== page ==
CONVERSATIONS AT THE SANCTUARY: Open your heart and let your body flow
Experience the true ease and freedom of a flow class at Amadea’s two-hour workshop.
If you’ve ever found yourself in a vinyasa or flow class entirely preoccupied with trying to keep pace with the teacher as you abruptly transition from one pose to another, you are not alone. “In many yoga classes, people are trying to be mindful but they end up listening to the teacher the whole time because they just don’t really know what’s coming next,” says yoga teacher Amadea Ng.
Which is why her upcoming two-hour heart-opening flow workshop on 12 September is structured specifically to help students familiarise themselves with the sequencing of poses before leading them into an uninterrupted state of flow.
“What I really like when I practise is the ability to move in a way where it almost feels like you are in a dance. In that moment, you are completely at ease with your body,” shares Amadea. “It’s difficult to get to this point in a 60-minute class, especially if the poses are new to you. You’re only going to feel that sense of freedom and ease when you are familiar with the poses.”
Below, Amadea talks us through what one can expect at her upcoming workshop.
Why is the first half of the workshop focused on shoulder and heart openers? What does that do for a person both physically and emotionally?
While we’ll be working through a full-body flow, the focus is indeed a little more on shoulder openers. Students who typically go for my classes know that I really love including shoulder and heart openers. It’s very liberating. If you’re able to do the poses not just physically, but work through them as an emotional and heart-opening exercise, then you not only feel a physical lightness, but also experience a sense of receptivity towards things around you.
The beauty of yoga is that you could be in the same pose but a different cue from the teacher would lead you to focus on a different part of your body. So let’s say you’re in a low lunge position. If I want to focus on the shoulder-opening aspect of the pose, I will tell you to lift up your chest. On the other hand, if I focus on the hip-opening part of it, I would cue you to sink a little bit deeper into the lunge.
What is your personal experience with poses that open the heart and shoulders? How have you benefited from it?
I do work in a very fast-paced, high-stress job, and whenever I’m struggling to get through my day, I’ll teach or practice in the mornings. Starting my day with yoga is very grounding for me.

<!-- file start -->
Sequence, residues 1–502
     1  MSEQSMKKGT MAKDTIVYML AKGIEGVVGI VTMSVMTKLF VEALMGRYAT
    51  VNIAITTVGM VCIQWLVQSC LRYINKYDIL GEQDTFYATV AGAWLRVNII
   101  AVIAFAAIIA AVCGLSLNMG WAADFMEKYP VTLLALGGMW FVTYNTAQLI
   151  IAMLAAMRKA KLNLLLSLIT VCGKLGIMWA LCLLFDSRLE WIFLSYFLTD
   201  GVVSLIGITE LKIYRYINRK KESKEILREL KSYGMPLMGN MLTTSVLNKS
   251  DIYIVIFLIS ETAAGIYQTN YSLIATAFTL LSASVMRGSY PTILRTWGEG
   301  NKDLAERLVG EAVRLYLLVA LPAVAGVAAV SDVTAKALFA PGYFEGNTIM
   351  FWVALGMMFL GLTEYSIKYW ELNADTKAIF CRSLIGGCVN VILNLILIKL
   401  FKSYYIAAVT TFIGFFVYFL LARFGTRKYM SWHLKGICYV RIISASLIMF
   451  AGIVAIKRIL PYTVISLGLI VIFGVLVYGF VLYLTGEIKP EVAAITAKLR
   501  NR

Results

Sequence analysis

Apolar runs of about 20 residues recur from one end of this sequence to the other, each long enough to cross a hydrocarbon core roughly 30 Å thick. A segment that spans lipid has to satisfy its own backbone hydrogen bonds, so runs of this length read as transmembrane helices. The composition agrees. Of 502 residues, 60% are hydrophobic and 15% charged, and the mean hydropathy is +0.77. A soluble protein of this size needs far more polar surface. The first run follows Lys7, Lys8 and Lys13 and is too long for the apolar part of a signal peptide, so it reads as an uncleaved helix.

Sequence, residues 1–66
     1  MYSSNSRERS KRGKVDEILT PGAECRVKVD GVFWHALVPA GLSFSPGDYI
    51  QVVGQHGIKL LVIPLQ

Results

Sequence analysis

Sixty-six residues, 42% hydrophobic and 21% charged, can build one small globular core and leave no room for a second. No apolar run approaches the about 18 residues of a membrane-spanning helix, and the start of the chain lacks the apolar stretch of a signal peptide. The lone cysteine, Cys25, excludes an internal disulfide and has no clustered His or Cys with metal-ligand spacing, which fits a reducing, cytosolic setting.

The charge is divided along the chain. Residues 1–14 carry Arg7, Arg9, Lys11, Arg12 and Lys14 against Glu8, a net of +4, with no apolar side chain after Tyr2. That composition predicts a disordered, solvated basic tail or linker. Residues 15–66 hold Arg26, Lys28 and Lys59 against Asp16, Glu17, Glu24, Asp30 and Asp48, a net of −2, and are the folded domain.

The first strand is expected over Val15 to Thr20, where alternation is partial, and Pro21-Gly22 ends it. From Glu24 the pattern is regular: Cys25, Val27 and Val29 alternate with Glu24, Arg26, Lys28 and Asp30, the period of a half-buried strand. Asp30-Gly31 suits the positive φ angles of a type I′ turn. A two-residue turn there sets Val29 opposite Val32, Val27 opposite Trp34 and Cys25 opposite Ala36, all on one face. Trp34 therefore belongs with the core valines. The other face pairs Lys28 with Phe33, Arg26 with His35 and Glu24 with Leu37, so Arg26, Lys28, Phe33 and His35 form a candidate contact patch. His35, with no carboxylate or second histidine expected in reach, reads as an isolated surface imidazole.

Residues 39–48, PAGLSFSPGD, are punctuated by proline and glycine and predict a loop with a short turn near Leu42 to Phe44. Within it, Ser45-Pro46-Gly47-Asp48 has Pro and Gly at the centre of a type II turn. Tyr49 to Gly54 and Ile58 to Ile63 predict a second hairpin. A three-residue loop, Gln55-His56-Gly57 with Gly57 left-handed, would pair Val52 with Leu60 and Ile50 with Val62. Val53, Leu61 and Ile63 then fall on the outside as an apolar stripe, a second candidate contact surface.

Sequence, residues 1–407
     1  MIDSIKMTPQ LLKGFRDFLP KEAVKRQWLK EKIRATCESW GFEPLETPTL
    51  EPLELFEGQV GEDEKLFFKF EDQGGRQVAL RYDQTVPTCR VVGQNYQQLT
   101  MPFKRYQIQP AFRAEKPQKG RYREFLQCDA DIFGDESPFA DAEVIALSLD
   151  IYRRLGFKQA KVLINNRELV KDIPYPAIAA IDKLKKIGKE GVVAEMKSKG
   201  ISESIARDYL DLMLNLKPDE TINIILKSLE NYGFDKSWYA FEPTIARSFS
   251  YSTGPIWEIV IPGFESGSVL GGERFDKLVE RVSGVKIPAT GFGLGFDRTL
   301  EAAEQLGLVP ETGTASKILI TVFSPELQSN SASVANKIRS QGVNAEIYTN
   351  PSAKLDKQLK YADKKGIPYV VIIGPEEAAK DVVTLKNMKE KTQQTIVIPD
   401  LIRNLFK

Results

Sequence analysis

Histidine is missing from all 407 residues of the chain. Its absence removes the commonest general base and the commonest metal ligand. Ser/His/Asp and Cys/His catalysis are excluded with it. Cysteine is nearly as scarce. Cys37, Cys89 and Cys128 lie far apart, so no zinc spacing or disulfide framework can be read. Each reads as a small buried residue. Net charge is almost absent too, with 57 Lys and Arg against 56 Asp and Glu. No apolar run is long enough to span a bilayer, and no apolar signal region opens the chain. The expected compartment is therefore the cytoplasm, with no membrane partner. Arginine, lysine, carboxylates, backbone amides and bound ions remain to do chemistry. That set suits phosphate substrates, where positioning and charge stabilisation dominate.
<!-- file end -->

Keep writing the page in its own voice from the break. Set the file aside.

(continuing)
Heart-openers, in particular, get you to breathe more deeply. It’s no surprise as your lungs are situated in the areas where you’re working through your heart and shoulder expansions. So when I begin to inhale more deeply, I take that practice with me throughout my day. That being said, it’s not necessarily just heart-openers that have a positive impact, my yoga practice itself also helps me to get through crazy days and weeks.
In addition, when you’re focusing on your own heart and practice, you’ll find the ability to be more grateful for what you have, what you can do, and the people around you. In some ways, you leave the class feeling more grateful; that’s what a practice focused on heart-openings does for me.
Whether or not you work a full-time job, you end up sitting down a lot. And with more people working from home, many find themselves with very tight shoulders. All the more reason to work on shoulder-opening poses, even if it’s not something that’s physically comfortable to do.
Why did you design the second half of the class to incorporate a slow flow? How does that impact a person physically and emotionally?
Sometimes, when people go for a vinyasa class, they are always listening out for the teacher’s cues. When you do that, you are never able to shut the world out and move with your breath unless you either know what’s coming or if you’re an advanced practitioner.
At some point, I want to allow people to be able to shut off completely and move with their breath. One of the nice things about The Yoga School is the absence of mirrors, so you can really move without looking at what other people are doing. In my flow classes, I include segments where people close their eyes for about a minute and flow through a very short sequence. It’s quite liberating. At the end of the day, I want you to be at ease in your own space and transport yourself to your own happy space. These are all benefits of a flow practice.
Who is this workshop suitable for?
Everyone is welcome, even beginners who are new to yoga.
Flow classes are sometimes intimidating for people because they are not comfortable or familiar with the sequencing of the poses. This workshop would appeal to this group of people because you would get a sense of what is coming before you get into the whole flow.
The workshop is also for anyone who just wants to get two hours out of their day to focus on themselves. It’s also an opportunity to release all the misconceptions and self-doubt about what your body can or cannot do – and just give it a shot.